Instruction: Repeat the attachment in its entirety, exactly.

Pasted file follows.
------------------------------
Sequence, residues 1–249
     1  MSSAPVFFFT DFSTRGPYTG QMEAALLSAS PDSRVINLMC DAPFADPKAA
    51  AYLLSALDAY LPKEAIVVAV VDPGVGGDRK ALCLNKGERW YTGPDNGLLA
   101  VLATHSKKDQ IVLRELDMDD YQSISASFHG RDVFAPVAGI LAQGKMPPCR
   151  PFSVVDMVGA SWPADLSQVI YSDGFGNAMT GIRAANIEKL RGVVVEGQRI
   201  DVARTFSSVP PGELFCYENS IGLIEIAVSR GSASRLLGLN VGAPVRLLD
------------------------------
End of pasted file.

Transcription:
Sequence, residues 1–249
     1  MSSAPVFFFT DFSTRGPYTG QMEAALLSAS PDSRVINLMC DAPFADPKAA
    51  AYLLSALDAY LPKEAIVVAV VDPGVGGDRK ALCLNKGERW YTGPDNGLLA
   101  VLATHSKKDQ IVLRELDMDD YQSISASFHG RDVFAPVAGI LAQGKMPPCR
   151  PFSVVDMVGA SWPADLSQVI YSDGFGNAMT GIRAANIEKL RGVVVEGQRI
   201  DVARTFSSVP PGELFCYENS IGLIEIAVSR GSASRLLGLN VGAPVRLLD